OK, you may be thinking that I've lost my mind in telling you that paper holds emotion. Maybe I have! However, I also know that when I'm working with my clients, letting go is extremely hard for most.
So why is it so hard? There is emotion to it!
As you are looking to simplify and move your business to the next level, be prepared to face a sense of loss as you let go of certain possessions. The sense of relief you feel afterwards will compensate for the feeling of loss.
Today, I'll share some techniques that have worked with my clients when in the “letting go” phase of setting up systems.
Develop a Positive Attitude!
When you send your brain the “I can” message, vs. the “I can’t,” possibilities unfold and enable you to accomplish so much more. A good attitude is the first step in moving past your frustration and towards your goals.
10 Minutes is All You Need
Set a timer for 10 minutes and spend the time focusing on one room or area. When the bell rings…you have permission to stop. Do this daily or more often in each room or area to keep clutter to a minimum.
Keep It Close
In general, things should be stored as close as possible to where you're most likely to use them. Keep your desk well stocked with everyday supplies such as pencils, pens, paper and stamps; keep the TV. Remote near the TV, etc.
Let it Expire
If you're not using something, get rid of it. Put an expiry date on items when you can't decide to keep them or not. Get rid of them when the expiry date arrives.
Imagine that you are holding a flashlight and shining it on one spot. Concentrate on this spot until it is organized.The flashlight focus will help to eliminate overwhelm.
Let Go Learn to Let Go
Ask yourself, Do I REALLY need this? When was the last time I used this? Could someone else benefit from this more than me? Why am I keeping this? Be honest with yourself and you'll see that letting go is not so hard. Beautiful, Useful or Loved? Ask yourself if each item you pick up is “beautiful, useful, or loved” — if not, get rid of it.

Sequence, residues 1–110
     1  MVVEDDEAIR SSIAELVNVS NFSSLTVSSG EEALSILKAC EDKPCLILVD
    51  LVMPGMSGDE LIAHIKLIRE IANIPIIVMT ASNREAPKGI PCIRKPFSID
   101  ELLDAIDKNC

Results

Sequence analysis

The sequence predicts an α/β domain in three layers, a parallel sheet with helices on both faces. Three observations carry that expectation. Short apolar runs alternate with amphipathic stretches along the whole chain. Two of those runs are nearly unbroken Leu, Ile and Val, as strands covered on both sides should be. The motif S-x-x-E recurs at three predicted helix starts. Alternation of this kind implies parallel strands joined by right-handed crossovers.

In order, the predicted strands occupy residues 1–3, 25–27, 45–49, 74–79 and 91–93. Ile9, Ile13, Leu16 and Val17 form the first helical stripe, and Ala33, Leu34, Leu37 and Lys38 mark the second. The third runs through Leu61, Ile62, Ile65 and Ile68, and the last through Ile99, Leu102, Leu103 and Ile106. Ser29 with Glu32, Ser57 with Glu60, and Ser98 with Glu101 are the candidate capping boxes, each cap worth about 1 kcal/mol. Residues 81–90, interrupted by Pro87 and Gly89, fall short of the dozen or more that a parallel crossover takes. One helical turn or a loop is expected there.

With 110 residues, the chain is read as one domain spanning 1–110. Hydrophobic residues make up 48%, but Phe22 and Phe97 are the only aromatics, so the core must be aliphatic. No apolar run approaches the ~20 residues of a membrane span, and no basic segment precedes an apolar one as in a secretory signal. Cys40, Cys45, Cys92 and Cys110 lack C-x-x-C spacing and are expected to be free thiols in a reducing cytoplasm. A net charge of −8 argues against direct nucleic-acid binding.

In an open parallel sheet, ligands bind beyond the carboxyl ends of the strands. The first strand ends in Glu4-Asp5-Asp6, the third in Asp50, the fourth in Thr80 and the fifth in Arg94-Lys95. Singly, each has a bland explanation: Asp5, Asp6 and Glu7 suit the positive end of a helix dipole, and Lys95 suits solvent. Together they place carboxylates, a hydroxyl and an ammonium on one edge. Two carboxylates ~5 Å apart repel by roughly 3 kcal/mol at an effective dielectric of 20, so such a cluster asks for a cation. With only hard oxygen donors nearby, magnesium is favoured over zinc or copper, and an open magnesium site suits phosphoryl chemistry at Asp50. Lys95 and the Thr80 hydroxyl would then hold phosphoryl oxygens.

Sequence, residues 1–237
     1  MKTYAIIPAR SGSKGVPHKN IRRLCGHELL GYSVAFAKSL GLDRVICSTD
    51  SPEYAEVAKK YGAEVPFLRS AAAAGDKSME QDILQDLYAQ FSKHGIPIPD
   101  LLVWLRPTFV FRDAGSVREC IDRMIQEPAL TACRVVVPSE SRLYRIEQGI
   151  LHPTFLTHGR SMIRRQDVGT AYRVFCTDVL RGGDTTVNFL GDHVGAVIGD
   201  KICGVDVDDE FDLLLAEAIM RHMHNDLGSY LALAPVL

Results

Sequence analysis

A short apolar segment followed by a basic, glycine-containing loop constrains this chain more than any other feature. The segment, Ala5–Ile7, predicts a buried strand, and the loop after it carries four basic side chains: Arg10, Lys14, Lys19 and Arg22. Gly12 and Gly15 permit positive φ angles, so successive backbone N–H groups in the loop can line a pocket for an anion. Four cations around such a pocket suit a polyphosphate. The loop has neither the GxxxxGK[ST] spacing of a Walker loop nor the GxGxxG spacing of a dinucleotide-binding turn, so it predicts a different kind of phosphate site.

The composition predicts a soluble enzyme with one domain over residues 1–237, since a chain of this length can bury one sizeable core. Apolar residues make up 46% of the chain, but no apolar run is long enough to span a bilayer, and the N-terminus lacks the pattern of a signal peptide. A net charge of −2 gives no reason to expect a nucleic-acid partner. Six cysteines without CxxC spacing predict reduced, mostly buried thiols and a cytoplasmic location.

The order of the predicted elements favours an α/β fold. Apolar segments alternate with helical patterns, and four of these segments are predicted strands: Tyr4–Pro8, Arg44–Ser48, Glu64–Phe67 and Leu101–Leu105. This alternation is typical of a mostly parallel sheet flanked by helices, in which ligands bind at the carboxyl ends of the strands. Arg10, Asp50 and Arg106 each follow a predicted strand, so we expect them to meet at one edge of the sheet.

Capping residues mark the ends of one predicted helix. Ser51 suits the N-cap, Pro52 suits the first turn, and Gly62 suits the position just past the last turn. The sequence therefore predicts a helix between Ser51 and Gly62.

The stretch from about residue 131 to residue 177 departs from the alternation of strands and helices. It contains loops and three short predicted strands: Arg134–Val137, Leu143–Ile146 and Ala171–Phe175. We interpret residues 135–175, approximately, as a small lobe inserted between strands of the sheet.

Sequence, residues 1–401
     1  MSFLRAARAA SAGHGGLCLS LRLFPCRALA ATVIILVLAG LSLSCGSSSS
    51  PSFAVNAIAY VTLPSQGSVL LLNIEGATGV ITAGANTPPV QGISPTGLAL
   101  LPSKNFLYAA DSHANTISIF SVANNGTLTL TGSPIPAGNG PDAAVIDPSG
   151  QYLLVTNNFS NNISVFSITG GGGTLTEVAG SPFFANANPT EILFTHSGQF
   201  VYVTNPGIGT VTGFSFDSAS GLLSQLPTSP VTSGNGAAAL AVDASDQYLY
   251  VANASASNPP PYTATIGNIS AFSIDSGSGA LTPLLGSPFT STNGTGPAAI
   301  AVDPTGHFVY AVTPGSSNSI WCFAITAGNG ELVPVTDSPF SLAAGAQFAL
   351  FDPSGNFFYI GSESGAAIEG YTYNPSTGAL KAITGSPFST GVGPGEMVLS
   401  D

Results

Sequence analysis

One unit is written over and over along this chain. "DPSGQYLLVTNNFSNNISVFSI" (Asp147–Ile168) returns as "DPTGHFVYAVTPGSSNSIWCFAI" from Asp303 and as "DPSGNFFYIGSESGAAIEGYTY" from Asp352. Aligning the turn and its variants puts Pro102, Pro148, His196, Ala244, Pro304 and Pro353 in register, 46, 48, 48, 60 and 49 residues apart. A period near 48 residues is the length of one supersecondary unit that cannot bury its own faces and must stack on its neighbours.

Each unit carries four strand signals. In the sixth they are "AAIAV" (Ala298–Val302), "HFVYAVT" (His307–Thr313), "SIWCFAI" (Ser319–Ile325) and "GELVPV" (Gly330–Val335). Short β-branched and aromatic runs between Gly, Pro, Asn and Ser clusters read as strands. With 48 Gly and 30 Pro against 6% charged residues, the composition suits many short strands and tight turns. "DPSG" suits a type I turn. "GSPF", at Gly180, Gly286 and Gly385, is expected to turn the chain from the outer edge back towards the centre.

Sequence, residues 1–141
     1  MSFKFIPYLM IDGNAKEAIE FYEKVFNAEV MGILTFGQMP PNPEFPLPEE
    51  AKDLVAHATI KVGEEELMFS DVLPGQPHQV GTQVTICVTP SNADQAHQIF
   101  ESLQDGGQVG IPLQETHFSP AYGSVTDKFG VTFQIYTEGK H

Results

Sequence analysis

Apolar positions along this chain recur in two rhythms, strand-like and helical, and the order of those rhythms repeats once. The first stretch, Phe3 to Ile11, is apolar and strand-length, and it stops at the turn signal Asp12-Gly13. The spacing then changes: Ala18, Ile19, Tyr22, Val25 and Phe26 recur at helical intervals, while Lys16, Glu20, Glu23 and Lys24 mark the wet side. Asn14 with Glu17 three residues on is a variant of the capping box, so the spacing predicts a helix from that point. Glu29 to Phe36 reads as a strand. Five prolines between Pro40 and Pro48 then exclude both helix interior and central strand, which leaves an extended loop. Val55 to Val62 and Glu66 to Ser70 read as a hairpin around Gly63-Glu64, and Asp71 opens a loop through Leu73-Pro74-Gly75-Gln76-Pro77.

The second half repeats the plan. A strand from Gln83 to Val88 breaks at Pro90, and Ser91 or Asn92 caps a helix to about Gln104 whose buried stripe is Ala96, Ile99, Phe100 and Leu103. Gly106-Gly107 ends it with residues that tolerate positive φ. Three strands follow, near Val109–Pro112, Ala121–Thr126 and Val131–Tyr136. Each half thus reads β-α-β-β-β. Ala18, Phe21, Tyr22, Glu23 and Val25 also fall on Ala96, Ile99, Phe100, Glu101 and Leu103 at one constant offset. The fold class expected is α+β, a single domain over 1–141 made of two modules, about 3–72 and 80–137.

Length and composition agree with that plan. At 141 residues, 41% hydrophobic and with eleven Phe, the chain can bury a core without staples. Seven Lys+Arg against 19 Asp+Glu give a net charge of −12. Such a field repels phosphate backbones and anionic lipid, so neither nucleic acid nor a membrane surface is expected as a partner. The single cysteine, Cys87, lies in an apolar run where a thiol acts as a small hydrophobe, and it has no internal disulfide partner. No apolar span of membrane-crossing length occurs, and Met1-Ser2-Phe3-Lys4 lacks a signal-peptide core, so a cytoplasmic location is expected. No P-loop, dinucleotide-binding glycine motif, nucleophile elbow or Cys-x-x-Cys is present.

Use the TRASH Method
Several methods are used by professional organizers, such as the “TRASH” system for processing paper: Throw it away or recycle it. Refer it to someone else Act on it. Save it in the place where it belongs. Halt it, in the case of junk mail or subscriptions you don't read.
Is it Bubble Wrap Worthy?
While we often talk about rules and guidelines for getting rid of things, let's address the world of stuff from a different direction. Is it worth keeping? For every item, ask yourself an important question: “Is it bubble wrap worthy?” Oh the extra time and effort it takes to bubble wrap. Make sure the item is truly that important.
Ask Yourself The Hard Questions
When was the last time you used it? When will you (realistically) need it again? Why would you need it again? Who might ask for it? What would you need it for? Is it easily replaceable? What's the worst thing that would happen if you got rid of it? Is it beautiful, useful, or loved? Let Go of These Excuses “It was expensive and I can't stand to see it go to waste.” if you don't use it, it's still being wasted — even if you keep it. “I might be need it someday.” if you haven't used it in a year, will you use it in the next? “It was a gift.” Once you receive a gift, it's yours to do with as you see fit.
It is About Simplification
Think about your values and write down those that really matter to you. What is most important? Spending time with family? Accumulating great wealth? Achieving powerful influence? Acquiring possessions? Expressing yourself? Learning new ideas? Experiencing adventure and travel? Maintaining excellent health? Socializing with friends? Contributing to the community? You can't do them all. Cut out activities that aren't consistent with your core values.
Understand When to Let Go
Start by going through your old files and doing some purging. You could always work off of the philosophy that “if you don’t have a good reason for keeping it, get rid of it” — but what counts as a good reason? A lot of folks are afraid to ever throw document away because they might need it again someday. Ask yourself some questions to help you guide yourself through this process: – Is the information relevant to my life, personal interests, or job? – Has this information become outdated? Can I find a more current document? – How easy would it be to replace this if I needed the information later? – What is the worst thing that could happen if I got rid of it? You may have some unusual or extenuating circumstance in your life — and you should check with your accountant or attorney before pitching out any important legal, business, or financial paperwork.
Pick one and try it out. 🙂